The irony is not lost on Ms. Andrews, who sees Steve Jobs as the most successful of the six at finding the solution to “the dilemma of wanting to be rebels and the establishment at the same time.” Likewise, her observation about Sachs joining the Occupy Wall Street demonstrations of 2011 is that “Occupy was exactly the sort of rebel movement that the United States would pour money into if this were a foreign country.” She also has a wonderfully sly paragraph about Sotomayor continually beating the drum of her own victimhood as an outsider, constantly a prey to “that most crippling of thoughts: ‘I do not belong here’”—as she goes on television to be fawned over by interviewers while promoting her memoir, “for which she received a reported $1.75 million advance.”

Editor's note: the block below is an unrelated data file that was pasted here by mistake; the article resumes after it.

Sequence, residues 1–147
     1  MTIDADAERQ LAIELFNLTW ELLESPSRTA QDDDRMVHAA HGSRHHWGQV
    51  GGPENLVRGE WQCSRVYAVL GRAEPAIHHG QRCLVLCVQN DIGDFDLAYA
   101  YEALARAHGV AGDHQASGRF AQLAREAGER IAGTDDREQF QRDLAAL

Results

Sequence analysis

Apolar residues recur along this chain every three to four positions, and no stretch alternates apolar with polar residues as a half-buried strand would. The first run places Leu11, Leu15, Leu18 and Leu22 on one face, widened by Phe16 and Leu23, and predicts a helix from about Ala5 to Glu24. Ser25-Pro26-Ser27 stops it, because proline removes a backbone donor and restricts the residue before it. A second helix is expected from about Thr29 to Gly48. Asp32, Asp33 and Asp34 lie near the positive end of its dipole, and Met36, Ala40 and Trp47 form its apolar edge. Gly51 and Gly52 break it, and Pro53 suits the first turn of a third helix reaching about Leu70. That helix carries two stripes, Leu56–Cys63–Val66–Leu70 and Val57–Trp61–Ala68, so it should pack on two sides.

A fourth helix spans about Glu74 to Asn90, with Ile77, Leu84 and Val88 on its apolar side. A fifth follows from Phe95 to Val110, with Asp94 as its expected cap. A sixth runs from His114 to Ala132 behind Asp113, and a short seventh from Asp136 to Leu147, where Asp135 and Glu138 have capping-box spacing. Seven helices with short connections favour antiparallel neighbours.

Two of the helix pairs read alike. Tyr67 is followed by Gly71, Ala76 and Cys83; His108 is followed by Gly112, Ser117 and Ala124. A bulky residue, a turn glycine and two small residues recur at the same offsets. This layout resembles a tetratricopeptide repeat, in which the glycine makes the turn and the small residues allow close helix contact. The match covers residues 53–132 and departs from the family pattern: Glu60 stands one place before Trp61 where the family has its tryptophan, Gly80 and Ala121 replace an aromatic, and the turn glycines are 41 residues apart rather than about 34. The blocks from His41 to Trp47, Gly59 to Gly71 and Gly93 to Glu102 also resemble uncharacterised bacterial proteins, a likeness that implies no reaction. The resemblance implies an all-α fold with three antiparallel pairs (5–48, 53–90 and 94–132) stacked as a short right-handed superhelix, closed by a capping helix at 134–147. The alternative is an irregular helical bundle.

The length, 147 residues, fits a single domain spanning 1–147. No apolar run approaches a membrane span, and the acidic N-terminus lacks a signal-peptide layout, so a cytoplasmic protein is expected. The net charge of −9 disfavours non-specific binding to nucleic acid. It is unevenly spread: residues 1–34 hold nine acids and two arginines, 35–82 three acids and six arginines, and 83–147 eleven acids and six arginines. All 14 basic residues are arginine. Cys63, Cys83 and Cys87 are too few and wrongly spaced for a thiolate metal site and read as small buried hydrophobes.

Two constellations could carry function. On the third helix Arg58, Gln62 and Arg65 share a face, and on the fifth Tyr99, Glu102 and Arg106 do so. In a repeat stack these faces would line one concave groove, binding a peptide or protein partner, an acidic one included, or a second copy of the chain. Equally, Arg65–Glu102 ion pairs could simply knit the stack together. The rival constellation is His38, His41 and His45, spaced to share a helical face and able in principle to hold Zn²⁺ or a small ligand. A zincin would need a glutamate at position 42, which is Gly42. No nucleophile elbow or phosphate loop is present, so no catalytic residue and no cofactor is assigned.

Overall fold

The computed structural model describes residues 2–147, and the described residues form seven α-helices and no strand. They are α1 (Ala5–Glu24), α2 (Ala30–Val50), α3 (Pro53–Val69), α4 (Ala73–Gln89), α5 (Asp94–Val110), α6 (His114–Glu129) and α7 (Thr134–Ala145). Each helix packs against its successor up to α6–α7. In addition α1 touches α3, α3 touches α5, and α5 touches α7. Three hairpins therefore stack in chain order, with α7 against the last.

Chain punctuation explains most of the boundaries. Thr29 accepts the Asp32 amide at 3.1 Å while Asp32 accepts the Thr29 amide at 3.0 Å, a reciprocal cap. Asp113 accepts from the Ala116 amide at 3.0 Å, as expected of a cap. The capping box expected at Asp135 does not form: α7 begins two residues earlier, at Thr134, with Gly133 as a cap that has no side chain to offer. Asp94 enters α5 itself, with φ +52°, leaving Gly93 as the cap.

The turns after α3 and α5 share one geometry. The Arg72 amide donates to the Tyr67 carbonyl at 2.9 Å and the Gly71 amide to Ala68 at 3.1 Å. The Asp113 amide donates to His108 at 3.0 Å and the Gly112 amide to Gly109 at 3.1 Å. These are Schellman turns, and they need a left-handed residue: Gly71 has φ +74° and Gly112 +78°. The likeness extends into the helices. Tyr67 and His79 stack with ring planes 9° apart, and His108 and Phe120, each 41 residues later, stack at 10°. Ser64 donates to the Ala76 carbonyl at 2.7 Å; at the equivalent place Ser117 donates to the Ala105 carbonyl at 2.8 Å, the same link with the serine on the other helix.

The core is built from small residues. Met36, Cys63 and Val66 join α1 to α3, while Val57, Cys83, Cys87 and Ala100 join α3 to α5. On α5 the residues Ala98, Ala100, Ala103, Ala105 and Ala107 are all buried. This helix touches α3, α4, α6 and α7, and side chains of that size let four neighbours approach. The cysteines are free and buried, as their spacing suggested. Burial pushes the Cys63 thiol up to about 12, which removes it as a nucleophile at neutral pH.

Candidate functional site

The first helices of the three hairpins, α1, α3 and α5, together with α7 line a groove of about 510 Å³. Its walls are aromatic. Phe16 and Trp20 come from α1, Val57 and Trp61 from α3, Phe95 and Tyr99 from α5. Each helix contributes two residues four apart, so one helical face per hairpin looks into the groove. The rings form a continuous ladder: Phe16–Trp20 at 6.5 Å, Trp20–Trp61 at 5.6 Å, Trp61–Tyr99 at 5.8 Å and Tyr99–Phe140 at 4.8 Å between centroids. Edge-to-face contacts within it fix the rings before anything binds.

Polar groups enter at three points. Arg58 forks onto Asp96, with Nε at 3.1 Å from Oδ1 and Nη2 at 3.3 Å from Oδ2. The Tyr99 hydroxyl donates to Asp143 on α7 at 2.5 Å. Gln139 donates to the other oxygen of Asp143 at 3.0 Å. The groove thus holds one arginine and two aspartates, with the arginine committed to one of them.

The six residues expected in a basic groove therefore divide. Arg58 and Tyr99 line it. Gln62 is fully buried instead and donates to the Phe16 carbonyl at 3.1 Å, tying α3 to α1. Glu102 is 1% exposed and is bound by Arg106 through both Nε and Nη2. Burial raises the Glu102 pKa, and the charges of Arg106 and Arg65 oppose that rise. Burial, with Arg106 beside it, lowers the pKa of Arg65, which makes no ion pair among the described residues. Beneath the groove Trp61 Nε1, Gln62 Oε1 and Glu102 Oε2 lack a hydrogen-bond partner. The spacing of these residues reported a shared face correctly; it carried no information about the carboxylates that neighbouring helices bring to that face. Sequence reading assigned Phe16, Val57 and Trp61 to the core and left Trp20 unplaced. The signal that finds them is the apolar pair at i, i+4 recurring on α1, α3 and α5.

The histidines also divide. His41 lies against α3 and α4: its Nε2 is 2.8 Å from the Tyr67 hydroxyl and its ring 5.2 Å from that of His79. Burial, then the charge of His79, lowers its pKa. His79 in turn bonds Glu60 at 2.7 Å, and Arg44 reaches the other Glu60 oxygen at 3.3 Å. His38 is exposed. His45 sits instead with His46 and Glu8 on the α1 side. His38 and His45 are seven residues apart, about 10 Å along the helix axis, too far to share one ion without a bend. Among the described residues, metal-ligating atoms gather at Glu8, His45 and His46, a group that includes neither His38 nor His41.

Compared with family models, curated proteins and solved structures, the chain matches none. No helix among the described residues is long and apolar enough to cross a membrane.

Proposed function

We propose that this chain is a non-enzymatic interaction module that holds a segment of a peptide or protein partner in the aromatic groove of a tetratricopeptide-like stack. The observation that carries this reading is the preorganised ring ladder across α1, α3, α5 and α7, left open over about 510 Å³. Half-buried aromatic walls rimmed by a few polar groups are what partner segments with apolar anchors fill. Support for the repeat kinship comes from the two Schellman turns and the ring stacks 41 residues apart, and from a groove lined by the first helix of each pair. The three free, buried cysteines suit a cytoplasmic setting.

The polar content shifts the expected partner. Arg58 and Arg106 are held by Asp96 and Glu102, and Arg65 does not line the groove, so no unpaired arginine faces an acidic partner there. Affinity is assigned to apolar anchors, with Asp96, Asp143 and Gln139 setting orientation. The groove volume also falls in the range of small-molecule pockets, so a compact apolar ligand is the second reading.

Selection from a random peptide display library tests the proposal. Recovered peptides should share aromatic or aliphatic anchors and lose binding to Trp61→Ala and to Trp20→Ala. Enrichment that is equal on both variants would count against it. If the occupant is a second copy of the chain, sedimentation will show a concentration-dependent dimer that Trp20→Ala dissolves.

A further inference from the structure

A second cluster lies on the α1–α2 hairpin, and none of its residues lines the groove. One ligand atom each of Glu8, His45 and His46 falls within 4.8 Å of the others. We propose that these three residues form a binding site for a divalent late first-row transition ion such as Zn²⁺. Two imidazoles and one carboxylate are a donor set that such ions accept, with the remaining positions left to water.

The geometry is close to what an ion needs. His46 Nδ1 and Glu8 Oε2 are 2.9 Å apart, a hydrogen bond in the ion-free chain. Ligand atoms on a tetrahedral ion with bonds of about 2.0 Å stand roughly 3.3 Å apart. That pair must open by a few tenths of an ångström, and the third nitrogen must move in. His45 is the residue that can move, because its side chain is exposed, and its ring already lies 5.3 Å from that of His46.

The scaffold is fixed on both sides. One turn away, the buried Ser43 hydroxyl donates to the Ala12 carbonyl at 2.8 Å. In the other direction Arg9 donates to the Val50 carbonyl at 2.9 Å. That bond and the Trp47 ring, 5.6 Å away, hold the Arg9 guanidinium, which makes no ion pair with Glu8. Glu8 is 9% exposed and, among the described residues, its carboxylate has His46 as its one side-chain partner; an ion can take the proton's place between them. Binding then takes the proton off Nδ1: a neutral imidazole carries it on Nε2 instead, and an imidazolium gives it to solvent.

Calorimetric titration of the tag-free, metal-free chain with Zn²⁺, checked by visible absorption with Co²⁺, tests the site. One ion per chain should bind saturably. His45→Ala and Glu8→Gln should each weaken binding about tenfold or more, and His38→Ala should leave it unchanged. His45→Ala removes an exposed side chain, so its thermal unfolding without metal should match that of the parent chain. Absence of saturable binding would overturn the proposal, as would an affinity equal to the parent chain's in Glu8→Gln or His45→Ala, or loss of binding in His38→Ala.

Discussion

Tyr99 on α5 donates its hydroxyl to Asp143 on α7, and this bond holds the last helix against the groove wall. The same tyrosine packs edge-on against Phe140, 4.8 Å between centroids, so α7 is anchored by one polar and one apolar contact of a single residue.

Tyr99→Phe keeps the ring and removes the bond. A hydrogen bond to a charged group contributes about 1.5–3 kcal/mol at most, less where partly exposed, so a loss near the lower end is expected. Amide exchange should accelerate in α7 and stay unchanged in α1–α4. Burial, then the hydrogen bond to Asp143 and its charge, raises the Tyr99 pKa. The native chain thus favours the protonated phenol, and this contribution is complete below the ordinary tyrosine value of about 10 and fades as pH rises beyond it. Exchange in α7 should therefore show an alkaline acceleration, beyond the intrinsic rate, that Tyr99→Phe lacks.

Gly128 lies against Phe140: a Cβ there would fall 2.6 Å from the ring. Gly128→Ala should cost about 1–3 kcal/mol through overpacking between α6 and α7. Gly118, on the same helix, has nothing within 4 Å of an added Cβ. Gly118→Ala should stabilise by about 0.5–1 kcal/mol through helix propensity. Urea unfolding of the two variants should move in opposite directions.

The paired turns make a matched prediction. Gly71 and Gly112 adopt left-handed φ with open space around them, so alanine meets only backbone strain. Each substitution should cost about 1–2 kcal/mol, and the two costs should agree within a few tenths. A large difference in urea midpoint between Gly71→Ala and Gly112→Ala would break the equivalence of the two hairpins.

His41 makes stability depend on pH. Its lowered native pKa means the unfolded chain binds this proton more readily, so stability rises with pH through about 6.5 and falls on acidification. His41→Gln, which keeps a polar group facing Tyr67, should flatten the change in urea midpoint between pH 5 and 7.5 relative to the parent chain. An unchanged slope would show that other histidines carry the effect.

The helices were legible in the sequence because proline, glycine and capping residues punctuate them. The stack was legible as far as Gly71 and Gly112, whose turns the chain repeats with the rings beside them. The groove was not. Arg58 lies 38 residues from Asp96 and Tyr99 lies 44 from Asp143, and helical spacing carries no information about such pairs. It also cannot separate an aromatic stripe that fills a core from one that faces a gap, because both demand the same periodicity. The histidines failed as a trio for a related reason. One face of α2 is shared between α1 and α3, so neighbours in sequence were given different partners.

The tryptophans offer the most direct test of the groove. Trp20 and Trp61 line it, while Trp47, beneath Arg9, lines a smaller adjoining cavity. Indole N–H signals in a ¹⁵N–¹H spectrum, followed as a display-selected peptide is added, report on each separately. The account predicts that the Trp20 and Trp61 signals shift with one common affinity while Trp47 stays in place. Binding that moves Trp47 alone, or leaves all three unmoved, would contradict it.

Getting back to my idle speculation about Andrews as the next Paglia, as Paglia was the next Sontag, I wonder what some up-and-comer of my grandchildren’s age, writing in 2050, might find to criticize about Andrews, as she criticizes Paglia and Paglia criticizes Sontag. I think it might be that she misses, in Boomers anyway, the extent to which her own thinking has been molded by the Boomers’ mindset, not least in its assumption of the importance not just of their own generation but of the idea of generational change as the dynamic of history. The late historian John Lukacs thought that the generation of the 1960s was merely a carbon copy of that of the 1920s—the generation Strachey was addressing—who had done it all before them, including the sexual revolution, and done it with greater seriousness and intellectual cogency. Even if that is overstated, it makes more sense to see the advances of the ’60s as repeating and building upon the work of transformation started by the Boomers’ grandfathers, rather than anything truly revolutionary in themselves.